Schering Stiftung

Project 


Linda-Josephine Knop, 4cm²

Linda-Josephine Knop, 4cm²
Photo: Linda-Josephine Knop

Linda-Josephine Knop: 4cm²

Linda-Josephine Knop: 4cm²
Photo: Linda-Josephine Knop

Linda-Josephine Knop, 4cm²

Linda-Josephine Knop, 4cm²
Photo: Linda-Josephine Knop

4cm²

by Linda Josephine-Knop

4cm²

by Linda Josephine-Knop

Duration:

September 28, 2013 – January 12, 2014

Exhibition opening:

Friday, 27. September 2013, 7–9 p.m.

Opening hours:

Tuesday – Sunday, 10:00 a.m. – 5:00 p.m., Wednesday and Saturday, 10:00 a.m. – 7:00 p.m.

Venue:

Berliner Medizinhistorisches Museum der Charité
Charitéplatz 1
10117 Berlin

For further information, please contact the Berlin Museum of Medical History at the Charité


On September 27, 2013, at 7:00 p.m., the exhibition 4cm² will open at the Lecture Hall Ruin of the Berlin Museum of Medical History at the Charité. In her watercolors, the Kassel-based artist Linda-Josephine Knop deals with colored organ dissections that are fixed under a microscope between a glass slide and cover slip. Covering a space of just four square centimeters, the colored objects form strange patterns whose anatomical and pathological structures are only recognizable to the trained eye of the scientist. When seen from an artistic perspective, a cosmos of colors and forms opens up, which will be on display in the exhibition until January 12, 2014.

Microscopic samples are important medical and scientific objects. The samples first have to be prepared in several steps: cutting, fixing, coloring, drying. Viewing the four-square-centimeter artefacts that are thus created is both seductive and disconcerting: intensive colors, peculiar formations, uneven, smooth, monotonous, and sharp things are taking shape.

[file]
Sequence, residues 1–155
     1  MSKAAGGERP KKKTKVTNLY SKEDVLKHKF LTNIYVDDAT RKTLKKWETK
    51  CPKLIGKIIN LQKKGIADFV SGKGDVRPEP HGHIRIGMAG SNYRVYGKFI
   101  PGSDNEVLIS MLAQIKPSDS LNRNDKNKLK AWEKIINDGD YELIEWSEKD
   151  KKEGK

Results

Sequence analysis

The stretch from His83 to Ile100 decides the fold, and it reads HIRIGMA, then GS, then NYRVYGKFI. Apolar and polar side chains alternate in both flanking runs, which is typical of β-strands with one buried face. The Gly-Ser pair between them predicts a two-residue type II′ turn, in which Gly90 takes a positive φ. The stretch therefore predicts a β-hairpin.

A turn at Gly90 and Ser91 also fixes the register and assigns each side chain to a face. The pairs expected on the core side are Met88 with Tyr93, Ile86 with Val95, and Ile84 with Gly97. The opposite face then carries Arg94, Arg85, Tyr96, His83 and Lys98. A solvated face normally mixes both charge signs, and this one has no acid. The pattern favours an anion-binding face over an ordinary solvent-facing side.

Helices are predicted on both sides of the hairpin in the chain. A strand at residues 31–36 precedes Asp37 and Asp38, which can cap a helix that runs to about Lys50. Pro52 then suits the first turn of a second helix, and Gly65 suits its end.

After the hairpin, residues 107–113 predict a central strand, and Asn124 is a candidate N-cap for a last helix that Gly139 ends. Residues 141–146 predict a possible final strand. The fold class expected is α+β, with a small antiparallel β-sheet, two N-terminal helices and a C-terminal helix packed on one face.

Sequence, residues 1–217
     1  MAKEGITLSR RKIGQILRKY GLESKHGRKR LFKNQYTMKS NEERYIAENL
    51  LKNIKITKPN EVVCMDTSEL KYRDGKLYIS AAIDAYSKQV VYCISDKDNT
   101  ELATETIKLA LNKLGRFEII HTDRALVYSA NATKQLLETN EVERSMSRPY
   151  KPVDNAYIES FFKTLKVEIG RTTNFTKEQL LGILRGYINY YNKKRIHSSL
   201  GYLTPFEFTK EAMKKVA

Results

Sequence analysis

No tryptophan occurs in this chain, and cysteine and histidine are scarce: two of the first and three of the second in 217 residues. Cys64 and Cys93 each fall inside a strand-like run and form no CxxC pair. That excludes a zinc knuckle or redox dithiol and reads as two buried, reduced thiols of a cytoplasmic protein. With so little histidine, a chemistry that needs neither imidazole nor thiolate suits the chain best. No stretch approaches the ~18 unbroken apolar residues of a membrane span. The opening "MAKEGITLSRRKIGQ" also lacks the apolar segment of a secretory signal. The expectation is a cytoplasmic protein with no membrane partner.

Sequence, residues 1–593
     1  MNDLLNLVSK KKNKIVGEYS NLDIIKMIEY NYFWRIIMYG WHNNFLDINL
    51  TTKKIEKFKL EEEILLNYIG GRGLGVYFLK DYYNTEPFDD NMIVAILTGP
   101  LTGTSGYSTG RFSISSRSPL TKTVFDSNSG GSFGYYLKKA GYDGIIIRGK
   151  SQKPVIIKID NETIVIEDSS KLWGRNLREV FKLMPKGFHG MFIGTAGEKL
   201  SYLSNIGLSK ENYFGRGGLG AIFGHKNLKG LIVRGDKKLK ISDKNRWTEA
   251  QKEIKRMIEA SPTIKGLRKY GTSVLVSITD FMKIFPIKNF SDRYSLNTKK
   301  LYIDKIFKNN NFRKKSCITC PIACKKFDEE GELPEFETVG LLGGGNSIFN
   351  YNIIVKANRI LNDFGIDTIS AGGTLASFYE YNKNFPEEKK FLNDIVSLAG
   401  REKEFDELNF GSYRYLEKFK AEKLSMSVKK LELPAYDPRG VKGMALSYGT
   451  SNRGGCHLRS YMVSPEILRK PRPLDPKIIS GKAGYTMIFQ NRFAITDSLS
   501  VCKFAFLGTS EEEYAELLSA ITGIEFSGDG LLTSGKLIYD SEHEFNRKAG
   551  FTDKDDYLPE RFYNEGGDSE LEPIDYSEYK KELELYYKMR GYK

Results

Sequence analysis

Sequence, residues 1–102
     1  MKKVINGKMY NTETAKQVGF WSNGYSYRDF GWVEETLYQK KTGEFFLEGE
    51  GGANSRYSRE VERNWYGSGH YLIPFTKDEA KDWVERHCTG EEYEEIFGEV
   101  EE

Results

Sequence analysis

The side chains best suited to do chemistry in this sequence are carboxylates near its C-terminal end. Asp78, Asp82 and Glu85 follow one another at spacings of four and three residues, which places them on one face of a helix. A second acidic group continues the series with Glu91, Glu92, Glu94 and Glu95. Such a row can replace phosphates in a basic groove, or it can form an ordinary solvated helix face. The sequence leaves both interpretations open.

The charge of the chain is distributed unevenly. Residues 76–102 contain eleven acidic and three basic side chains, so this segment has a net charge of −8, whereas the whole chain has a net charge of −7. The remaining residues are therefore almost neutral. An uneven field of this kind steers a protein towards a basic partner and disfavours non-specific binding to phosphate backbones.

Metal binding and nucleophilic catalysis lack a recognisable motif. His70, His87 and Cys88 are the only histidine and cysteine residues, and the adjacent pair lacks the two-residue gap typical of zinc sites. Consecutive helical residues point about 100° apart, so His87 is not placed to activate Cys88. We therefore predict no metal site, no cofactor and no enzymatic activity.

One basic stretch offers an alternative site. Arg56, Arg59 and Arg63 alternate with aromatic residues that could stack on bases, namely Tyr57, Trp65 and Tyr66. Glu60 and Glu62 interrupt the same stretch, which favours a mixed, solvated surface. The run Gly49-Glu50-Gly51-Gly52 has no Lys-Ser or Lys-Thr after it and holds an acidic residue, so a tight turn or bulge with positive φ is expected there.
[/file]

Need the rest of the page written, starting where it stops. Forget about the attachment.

Presenting microscopic samples in the context of an exhibition is tricky; to interpret them correctly, it takes prior knowledge. If they are exhibited under a microscope—like in the lab—, they frequently disappear under the equipment. Moreover, seeing structures and connections under the microscope does not provide any immediate insight to non-scientists. Showing the samples directly cannot convey what there is to see, because laypersons do not know what they should, or could, see.

Linda-J. Knop views histological objects without a microscope and creates large watercolors of what she sees but does not understand. In her paintings, the samples become images that depart from their origins and take on an aesthetic and intellectual life of their own. The artistic engagement with these histological samples, which Knop takes from the collection of the Berlin Museum of Medical History at the Charité, moreover leads her to the tools and aids of scientific practice. The slides and the specimen box are the contexts framing the samples, into which she inserts philosophical terms, thus building a bridge between seeing and knowing. The Schering Stiftung supports the exhibition, which will not only provide visitors with new insights and knowledge but also help them experience the beauty of these objects.

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Schering Stiftung

Unter den Linden 32-34
10117 Berlin

Telefon: +49 - 30 - 20 62 29 65
Email: info@scheringstiftung.de

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Saturday to Sunday: 11 am - 7 pm
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